Chase Hounshell's heart helped set standard for Irish
SOUTH BEND — He was told repeatedly that there would never be a Senior Day for him, never an emotional last run out of the Notre Dame Stadium tunnel to the family who so staunchly stood by Chase Hounshell when he was prescribed to put away his dreams for good.
Three surgeries in a small window on the same shoulder for one labrum tear after another robbed him of essentially two complete seasons and every drop of equity that the then-defensive lineman had earned with the Irish coaches during some productive flashes his freshman season, in 2011.
Yet last winter, the Kirtland, Ohio, product marched into coach Brian Kelly’s office with a plan to reinvent himself as a tight end, four years removed from being part of a ground-breaking, defensive line recruiting haul that promised to and delivered the missing piece for a national title run.
“He was not promised a scholarship,” Kelly said Thursday evening after practice as the CFP No. 4 and AP sixth-ranked Irish (8-1) prepped for Saturday’s Senior Day matchup with Wake Forest (3-6). “I pretty much told him that we didn’t know if we would have one and he’d pretty much have to come back on good faith and work his way through spring.
“He said, ‘I’ll do that and I’ll take my chances.’ And you’ve got to give a young man credit for that.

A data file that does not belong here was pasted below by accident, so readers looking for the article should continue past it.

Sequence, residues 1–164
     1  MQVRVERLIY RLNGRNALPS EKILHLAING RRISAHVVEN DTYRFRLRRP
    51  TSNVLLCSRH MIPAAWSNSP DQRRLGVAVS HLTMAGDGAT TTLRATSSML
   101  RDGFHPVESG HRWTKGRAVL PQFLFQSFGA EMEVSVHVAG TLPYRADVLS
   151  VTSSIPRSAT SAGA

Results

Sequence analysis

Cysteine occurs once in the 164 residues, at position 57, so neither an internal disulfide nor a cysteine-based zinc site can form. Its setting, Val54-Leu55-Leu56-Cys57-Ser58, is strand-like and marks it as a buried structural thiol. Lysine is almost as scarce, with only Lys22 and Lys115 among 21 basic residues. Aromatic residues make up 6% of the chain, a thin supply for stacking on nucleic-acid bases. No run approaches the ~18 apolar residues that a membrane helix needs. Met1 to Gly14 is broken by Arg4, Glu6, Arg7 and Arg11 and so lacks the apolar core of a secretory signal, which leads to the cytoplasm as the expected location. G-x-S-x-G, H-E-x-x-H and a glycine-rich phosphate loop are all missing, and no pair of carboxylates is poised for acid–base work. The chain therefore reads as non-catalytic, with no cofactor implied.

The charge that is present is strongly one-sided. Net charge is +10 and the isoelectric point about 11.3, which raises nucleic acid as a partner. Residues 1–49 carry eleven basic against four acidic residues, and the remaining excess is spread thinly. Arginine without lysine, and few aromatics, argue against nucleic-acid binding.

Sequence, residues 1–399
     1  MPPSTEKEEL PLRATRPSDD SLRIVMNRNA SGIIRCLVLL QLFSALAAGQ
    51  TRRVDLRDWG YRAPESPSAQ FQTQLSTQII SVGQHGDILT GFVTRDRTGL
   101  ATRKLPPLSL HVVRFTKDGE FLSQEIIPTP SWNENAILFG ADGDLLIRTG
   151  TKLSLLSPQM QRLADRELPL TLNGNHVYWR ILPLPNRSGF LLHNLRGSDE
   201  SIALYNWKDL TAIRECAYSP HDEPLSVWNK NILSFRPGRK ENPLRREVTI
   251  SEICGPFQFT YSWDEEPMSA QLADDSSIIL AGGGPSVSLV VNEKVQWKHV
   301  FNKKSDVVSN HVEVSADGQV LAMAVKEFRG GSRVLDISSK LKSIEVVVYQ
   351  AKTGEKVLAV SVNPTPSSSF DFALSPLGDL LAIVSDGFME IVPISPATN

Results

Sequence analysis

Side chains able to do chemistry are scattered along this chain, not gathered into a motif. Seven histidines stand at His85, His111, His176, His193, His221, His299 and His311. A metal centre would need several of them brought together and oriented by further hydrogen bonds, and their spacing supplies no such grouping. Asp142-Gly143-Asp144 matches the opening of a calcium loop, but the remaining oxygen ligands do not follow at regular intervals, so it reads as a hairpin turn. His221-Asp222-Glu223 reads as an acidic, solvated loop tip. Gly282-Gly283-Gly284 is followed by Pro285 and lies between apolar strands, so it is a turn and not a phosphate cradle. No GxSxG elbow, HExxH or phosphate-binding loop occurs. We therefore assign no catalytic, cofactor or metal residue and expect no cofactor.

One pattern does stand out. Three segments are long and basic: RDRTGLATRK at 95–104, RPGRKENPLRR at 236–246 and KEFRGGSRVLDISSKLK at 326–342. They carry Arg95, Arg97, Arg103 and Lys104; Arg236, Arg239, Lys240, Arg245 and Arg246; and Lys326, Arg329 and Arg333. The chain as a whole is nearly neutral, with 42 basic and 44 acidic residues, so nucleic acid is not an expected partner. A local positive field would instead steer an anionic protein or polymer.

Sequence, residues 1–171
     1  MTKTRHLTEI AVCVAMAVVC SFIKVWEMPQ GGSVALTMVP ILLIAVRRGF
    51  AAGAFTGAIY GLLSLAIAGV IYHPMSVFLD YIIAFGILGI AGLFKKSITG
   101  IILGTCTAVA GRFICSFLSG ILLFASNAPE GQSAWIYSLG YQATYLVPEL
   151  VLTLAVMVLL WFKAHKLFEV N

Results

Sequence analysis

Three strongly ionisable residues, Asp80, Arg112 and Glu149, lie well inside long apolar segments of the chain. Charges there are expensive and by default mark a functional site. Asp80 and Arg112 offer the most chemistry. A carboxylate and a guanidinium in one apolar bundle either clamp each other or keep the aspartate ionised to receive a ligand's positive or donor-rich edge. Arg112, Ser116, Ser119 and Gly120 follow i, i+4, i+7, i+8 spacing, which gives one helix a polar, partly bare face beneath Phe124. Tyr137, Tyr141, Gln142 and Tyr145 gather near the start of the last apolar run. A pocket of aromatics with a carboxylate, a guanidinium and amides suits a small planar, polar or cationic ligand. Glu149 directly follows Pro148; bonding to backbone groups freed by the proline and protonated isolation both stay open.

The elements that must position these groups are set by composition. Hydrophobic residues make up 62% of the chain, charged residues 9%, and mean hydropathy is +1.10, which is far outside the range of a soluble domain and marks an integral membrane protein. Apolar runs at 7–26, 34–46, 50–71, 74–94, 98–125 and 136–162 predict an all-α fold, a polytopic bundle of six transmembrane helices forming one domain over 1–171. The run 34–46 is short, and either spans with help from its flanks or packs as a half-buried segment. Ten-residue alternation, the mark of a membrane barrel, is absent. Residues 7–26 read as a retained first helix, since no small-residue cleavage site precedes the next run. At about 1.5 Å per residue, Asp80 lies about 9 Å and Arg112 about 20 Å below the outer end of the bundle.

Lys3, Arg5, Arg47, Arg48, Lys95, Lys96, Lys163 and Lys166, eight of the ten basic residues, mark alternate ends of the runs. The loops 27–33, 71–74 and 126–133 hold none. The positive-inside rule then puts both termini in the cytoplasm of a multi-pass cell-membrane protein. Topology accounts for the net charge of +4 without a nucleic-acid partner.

“He wanted to be part of the program, and he’s respected by everybody because of the way he did that and went about his business every single day and worked at it and came back from three surgeries and three rehab situations to earn a scholarship in his fifth year.
“So whether he played a down or not, that’s a lot to accomplish.”
And Hounshell has played and contributed significantly at a position that’s come to define Notre Dame (Tight End U.) in the past decade.
But it’s also one that was first hit hard by Ben Koyack’s graduation last spring and, in mid-September, by the only member of the 2015 tight end corps who had a career catch on his college résumé, junior Durham Smythe, being lost for the season with a knee injury.
Hounshell, now a grad student whose penchant is blocking but who would love to garner his first career catch on Saturday, has played in all nine games this season, with starts against USC and Temple, after amassing cameos in just 11 games total in his first four years on campus — seven of those coming his freshman season.
“My only regret has been that I didn’t switch to tight end freshman year,” Hounshell said. “It’s been amazing.
“You have all these mind-sets when you’re 18 years old and a freshman. After my first game, I was like ‘I’m going to be a starter next week, and the week after that a first-round draft pick. I’m going to be so good.’